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Chinese Press Freedoms Concern Human Rights Groups

By Eric Green
USINFO Staff Writer

Human Rights Groups Concerned over Chinese Press Freedom

Freedom of the press in China, where 29 Chinese journalists are in prison, is a top concern of independent press advocacy and human rights groups that have issued new reports about the matter.

Bob Dietz, Asia program coordinator for the New York-based Committee to Protect Journalists (CPJ), told USINFO August 8 that his group has joined other global press organizations in calling for China to honor the commitments it made to stop repressing Chinese journalists when the International Olympic Committee (IOC) granted China rights to host the 2008 Summer Olympic Games.

Speaking from Beijing, Dietz said his group intends to keep insisting to the IOC, based in Lausanne, Switzerland, that the IOC pressure the government of China to end its repression against Chinese journalists.

Both the IOC and China promised in 2001 that the human rights situation in China would be improved for the 16-day Olympic competition that begins on August 8, 2008, Dietz said. But instead, he charged, the Chinese government continues to repress Chinese journalists while the IOC is "waffling" on the issue.

A CPJ report, released at a news conference August 7 in Beijing, said the Chinese government "severely restricts and censors the domestic press despite its promise to give the media complete freedom." Besides condemning the fact that 29 Chinese journalists are in prison, the report says "vast censorship rules are in place" in China, and "press attacks and harassment occur with impunity."

Dietz, one of the report's principal authors, said the CPJ news conference in Beijing attracted a sizable number of international and Chinese journalists. Although the release of the report received extensive global media coverage, "I'm not aware of anything being written about it in the Chinese press," Dietz said.

China's censors are said to keep a tight grip on local media and block foreign Web sites and broadcasts critical of the government.

Other Voices On China

John Negroponte, the U.S. deputy secretary of state, says the Chinese government "needs to respect its citizens' right to speak, assemble, and publish ... free of coercion."

Testifying May 1 about China before the House Foreign Affairs Committee, Negroponte said the United States believes that China's people "should have a meaningful say in how they are governed and to take part in the conduct of public affairs. These are fundamental human rights stipulated in international human rights instruments, as well as in China's own constitution."

Meanwhile, the Paris-based Reporters Without Borders staged events around the world August 7 to denounce what it called China's "appalling human rights situation."

The press group, in a statement rebuking China for being the world's "largest jailer of journalists," called for the release of journalists, cyber-dissidents and free speech activists currently being held by the Chinese government, and for an end to censorship of the news media and the Internet. At least 12 Web sites in China were closed or blocked in July, said Reporters Without Borders.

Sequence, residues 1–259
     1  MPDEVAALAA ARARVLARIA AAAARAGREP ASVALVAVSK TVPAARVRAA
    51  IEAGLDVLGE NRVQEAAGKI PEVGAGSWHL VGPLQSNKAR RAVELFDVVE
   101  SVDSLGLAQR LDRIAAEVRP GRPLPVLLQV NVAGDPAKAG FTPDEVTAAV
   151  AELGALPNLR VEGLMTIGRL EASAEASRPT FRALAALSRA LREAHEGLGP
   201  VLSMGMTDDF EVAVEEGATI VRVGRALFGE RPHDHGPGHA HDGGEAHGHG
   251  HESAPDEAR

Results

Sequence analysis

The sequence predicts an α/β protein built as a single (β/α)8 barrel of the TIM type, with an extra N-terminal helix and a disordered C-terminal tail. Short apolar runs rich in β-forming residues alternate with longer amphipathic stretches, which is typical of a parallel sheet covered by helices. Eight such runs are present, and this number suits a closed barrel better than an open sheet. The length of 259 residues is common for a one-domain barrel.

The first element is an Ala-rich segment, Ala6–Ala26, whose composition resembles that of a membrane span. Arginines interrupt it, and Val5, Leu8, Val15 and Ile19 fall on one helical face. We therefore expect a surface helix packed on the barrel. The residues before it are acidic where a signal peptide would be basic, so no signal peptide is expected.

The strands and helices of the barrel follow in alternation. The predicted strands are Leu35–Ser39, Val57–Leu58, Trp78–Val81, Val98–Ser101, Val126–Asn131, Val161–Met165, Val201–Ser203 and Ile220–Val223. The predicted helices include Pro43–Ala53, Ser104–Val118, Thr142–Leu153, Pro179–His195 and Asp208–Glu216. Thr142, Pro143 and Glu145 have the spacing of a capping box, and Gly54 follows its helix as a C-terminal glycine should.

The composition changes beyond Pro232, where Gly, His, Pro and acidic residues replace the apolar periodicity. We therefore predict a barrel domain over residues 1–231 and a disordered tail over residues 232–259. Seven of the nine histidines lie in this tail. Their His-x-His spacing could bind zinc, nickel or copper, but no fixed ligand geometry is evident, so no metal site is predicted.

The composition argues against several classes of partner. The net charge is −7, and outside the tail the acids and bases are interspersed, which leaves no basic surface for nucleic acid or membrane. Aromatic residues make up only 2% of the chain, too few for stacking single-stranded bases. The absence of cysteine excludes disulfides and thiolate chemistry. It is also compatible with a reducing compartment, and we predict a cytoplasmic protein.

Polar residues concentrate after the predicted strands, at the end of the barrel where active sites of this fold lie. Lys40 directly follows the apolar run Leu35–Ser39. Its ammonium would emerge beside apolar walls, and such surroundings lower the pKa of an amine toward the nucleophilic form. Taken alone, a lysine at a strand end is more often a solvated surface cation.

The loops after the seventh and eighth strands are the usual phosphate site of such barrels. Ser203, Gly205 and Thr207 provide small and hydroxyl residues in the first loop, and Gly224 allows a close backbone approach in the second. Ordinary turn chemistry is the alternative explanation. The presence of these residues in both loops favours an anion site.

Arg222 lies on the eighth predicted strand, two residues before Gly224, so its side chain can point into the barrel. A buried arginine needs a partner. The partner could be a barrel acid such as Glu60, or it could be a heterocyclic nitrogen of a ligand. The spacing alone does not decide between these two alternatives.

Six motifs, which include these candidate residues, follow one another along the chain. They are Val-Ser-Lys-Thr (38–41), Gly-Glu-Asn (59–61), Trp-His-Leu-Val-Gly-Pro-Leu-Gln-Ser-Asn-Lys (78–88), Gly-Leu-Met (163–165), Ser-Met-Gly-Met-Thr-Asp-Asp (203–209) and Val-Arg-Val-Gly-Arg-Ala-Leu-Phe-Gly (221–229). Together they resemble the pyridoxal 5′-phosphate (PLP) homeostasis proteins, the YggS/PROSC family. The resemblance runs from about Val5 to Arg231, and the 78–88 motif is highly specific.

Another group, Human Rights Watch, issued a report charging that Chinese authorities repeatedly have obstructed the work of foreign journalists in 2007, even though China adopted at the beginning of the year "temporary regulations to comply with commitments it made to the International Olympic Committee on guaranteeing journalists' freedom."

In an August 7 statement, Human Rights Watch said the Chinese government's "attempts to intimidate and detain foreign journalists for simply doing their jobs shows contempt" for the Olympic ideals of fair play.

The human rights group Amnesty International said August 7 that the Olympics are being used by the Chinese government to justify its "growing crackdown on Chinese human rights activists and journalists" in the name of harmony or social stability rather than "acting as a catalyst for reform."

Amnesty International, which also released a report on the situation, said it remained hopeful that "prompt action can still be taken to create a more favorable human rights environment for the Beijing Olympics in August 2008 and beyond."

Victor Cha, former director for Asian affairs at the White House National Security Council, wrote in an August 8 Washington Post opinion piece that the Olympics are generating pressure on the Chinese regime "to change its behavior, not just its image."

Cha, now a Georgetown University professor in Washington, said Beijing must find a way "to join its controlled and closed political system with the classical liberal ideals of individualism, open competition, and respect for human dignity embodied in the Olympics."

The reports by the CPJ, Human Rights Watch, and Amnesty International are on the groups' Web sites. The statement by Reporters Without Borders is on the group's Web site.


(USINFO is produced by the Bureau of International Information Programs, U.S. Department of State. Web site:

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